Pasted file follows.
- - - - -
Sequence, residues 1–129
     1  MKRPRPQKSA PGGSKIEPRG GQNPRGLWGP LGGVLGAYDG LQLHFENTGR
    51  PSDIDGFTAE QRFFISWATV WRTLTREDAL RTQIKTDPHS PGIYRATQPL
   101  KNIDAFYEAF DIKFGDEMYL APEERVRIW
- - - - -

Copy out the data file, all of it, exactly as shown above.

Sequence, residues 1–129
     1  MKRPRPQKSA PGGSKIEPRG GQNPRGLWGP LGGVLGAYDG LQLHFENTGR
    51  PSDIDGFTAE QRFFISWATV WRTLTREDAL RTQIKTDPHS PGIYRATQPL
   101  KNIDAFYEAF DIKFGDEMYL APEERVRIW